In Islam, for example, it is taught that there is only one God and that Christians are worshipping three. To worship Jesus, whom they consider a human prophet, is an act of idolatry because one can only worship the one true God, not a human. This idolatrous act leads straight to hell.
Others, among them Jehovah Witnesses, believe in the goodness of Jesus but deny the Trinity. How can God have a son?
This is a valid question. If God has always existed and is pure Spirit, what sense does it make to say that He has a son? A son, by all human definitions, is the result of a reproductive act and necessarily implies that the son exists after his father, not simultaneously throughout time.
The problem with this line of reasoning, in my mind, is that it reasons backwards, i.e. it begins with human life and uses it as a basis for describing God. More correctly, we should begin with God as the model for understanding ourselves. We are made in God’s image, not the other way around.
Put another way, if it is true that Jesus is risen from the dead, we ought not dispute anything that he taught. He spoke of God as his Father and explained at the Last Supper that anyone who has seen him has seen the Father and that he and the Father are one.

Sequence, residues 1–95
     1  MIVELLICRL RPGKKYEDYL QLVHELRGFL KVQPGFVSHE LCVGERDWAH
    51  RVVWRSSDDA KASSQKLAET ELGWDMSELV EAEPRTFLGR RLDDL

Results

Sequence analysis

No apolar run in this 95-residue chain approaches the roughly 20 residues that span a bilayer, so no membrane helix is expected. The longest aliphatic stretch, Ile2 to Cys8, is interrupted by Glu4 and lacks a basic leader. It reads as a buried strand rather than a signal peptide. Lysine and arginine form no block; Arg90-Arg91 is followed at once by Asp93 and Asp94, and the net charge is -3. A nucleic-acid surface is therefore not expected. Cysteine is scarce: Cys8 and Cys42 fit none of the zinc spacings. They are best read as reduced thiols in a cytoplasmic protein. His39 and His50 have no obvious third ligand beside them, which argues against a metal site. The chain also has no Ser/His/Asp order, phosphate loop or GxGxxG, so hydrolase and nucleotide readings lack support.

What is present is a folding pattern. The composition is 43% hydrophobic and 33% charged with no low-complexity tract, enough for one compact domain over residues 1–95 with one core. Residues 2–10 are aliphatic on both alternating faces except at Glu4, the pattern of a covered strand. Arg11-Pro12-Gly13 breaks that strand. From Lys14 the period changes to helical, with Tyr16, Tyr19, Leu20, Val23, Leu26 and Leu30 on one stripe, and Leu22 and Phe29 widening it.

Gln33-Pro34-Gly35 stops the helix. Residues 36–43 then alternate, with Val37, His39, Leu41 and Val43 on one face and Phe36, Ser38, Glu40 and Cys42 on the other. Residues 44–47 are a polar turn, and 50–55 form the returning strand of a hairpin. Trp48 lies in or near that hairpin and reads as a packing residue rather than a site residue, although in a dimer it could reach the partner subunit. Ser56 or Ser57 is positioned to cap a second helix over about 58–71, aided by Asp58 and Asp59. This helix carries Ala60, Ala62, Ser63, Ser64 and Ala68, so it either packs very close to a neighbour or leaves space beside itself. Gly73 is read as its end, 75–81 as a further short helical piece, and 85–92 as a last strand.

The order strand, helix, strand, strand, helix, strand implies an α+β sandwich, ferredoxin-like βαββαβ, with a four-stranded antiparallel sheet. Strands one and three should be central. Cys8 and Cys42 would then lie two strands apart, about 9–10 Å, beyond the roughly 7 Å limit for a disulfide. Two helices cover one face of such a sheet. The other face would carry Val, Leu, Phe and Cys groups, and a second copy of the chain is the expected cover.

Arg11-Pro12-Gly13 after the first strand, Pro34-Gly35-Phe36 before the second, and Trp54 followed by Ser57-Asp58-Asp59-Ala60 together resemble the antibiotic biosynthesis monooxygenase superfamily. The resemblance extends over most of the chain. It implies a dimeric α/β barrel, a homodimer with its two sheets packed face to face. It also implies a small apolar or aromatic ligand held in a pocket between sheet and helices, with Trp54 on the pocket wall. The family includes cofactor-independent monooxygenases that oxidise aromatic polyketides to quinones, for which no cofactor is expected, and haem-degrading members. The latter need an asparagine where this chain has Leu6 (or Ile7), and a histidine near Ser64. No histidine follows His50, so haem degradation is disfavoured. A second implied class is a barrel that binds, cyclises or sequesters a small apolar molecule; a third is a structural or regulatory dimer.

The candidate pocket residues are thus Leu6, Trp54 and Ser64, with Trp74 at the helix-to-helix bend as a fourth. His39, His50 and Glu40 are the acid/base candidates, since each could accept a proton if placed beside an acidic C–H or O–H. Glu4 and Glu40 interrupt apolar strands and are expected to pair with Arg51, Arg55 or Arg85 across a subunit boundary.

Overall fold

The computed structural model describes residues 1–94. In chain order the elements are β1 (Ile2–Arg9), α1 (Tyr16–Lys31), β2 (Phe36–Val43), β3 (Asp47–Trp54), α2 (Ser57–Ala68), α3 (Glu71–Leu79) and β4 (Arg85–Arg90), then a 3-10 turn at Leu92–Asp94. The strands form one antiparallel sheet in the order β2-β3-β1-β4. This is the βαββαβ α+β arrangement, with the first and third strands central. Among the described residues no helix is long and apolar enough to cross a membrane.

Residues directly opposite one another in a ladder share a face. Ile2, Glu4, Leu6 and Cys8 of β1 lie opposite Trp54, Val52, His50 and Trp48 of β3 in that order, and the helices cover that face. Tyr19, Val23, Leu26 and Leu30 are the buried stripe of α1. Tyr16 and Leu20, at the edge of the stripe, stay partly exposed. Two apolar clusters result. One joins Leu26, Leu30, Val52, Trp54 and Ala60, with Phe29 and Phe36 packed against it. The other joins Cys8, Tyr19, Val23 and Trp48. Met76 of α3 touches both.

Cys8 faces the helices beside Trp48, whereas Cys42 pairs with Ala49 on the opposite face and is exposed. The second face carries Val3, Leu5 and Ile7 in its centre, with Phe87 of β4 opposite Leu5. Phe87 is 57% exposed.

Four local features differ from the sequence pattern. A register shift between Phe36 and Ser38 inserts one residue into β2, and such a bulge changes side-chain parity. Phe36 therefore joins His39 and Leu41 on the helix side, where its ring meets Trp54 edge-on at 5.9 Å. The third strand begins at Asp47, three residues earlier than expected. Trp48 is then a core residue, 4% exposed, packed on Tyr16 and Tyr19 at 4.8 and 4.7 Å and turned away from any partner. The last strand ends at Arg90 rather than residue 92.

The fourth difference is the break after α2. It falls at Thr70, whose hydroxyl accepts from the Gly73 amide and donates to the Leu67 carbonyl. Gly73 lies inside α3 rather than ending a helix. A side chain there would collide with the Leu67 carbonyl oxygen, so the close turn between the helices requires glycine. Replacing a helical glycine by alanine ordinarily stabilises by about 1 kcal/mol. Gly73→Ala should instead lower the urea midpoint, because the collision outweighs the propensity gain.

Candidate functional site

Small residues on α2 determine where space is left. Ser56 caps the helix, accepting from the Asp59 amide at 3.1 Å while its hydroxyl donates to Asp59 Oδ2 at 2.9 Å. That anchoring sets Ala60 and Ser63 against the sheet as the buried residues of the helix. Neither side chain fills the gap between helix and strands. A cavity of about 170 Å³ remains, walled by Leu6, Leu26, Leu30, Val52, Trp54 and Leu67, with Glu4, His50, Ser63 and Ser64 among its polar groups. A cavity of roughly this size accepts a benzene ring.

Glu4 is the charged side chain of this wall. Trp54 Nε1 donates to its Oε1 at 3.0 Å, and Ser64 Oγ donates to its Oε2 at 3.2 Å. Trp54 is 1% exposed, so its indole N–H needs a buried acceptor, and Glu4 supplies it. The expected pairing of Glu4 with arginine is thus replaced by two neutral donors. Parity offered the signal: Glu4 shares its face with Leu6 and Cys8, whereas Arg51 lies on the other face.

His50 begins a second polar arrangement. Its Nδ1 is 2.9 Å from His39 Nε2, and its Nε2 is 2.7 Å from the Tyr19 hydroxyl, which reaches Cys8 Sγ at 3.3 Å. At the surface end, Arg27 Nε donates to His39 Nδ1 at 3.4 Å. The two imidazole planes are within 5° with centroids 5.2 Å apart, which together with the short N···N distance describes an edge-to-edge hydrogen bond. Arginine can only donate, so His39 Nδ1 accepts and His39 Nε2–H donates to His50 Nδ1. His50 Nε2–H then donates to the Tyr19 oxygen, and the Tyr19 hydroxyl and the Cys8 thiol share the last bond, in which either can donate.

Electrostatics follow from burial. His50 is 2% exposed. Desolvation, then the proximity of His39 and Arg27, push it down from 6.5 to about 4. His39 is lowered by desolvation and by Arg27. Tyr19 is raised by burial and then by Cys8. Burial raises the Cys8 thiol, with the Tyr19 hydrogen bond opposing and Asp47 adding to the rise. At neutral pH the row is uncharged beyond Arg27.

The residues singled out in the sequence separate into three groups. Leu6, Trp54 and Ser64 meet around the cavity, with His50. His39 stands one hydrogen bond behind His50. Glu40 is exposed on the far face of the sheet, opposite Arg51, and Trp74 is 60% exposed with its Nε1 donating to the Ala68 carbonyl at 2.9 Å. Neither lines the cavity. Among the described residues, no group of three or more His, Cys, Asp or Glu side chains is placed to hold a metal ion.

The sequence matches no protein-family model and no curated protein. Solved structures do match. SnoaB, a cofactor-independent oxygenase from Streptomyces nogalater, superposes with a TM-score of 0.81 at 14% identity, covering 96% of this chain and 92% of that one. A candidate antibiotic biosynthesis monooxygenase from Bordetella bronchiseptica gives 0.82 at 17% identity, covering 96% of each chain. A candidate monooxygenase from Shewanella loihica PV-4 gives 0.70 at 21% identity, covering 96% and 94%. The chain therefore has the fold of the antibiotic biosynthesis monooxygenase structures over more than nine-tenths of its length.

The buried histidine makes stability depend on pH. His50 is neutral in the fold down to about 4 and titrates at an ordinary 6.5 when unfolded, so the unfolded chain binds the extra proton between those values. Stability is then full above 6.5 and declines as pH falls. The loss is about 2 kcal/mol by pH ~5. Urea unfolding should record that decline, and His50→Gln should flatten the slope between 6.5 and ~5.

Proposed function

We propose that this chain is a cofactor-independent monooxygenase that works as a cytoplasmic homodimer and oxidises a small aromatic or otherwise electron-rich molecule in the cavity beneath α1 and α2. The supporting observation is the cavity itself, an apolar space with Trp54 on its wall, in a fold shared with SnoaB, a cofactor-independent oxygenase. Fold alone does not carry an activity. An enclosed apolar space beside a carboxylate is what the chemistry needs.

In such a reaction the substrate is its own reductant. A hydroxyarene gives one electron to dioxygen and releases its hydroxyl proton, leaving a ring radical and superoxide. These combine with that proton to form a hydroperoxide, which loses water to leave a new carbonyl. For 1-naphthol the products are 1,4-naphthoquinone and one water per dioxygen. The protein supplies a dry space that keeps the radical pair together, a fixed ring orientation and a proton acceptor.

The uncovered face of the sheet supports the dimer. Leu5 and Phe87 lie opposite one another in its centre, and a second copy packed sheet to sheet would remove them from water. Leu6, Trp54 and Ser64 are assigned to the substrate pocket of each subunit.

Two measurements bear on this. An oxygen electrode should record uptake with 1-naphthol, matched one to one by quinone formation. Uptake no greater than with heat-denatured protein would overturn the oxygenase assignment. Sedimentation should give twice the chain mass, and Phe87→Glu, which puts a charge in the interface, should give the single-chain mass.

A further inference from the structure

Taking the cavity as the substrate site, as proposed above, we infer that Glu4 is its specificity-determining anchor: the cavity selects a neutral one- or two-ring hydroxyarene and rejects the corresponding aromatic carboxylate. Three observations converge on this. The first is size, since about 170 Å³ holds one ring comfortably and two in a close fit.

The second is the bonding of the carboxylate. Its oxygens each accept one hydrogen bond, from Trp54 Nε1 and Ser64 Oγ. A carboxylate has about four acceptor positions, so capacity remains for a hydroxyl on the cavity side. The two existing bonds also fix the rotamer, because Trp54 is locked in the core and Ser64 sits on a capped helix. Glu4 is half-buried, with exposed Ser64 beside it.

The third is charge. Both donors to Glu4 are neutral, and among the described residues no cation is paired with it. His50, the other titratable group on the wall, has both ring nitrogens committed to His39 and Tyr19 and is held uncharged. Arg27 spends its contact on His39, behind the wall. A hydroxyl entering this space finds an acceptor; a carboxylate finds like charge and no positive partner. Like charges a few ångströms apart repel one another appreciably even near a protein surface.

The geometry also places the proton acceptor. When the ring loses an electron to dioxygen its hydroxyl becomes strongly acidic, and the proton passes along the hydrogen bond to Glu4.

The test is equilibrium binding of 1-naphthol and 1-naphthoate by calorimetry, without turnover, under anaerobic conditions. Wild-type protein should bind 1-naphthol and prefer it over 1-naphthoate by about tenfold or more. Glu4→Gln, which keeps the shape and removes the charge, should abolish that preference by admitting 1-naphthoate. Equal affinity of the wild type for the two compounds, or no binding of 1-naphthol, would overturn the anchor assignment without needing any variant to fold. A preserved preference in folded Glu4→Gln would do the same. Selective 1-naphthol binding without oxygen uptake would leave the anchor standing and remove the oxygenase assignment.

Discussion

Why did Jesus use this particular terminology, one that seems at odds with our understanding of parent-child relationships? I do not know, of course, but I do know that there are no human words that could make it any more understandable to us. Words inevitably fail. Yet I know this descriptor can be painful for those who have a negative association with the word, “father”.
Similarly, sometimes I find myself squirming mentally when I hear Jesus described as God’s “only begotten Son”. The term “begotten” or to “beget” is defined in our language as bringing a child into the world through an act of reproduction. This doesn’t sound right to my ears. By all human understanding, God doesn’t do that sort of thing.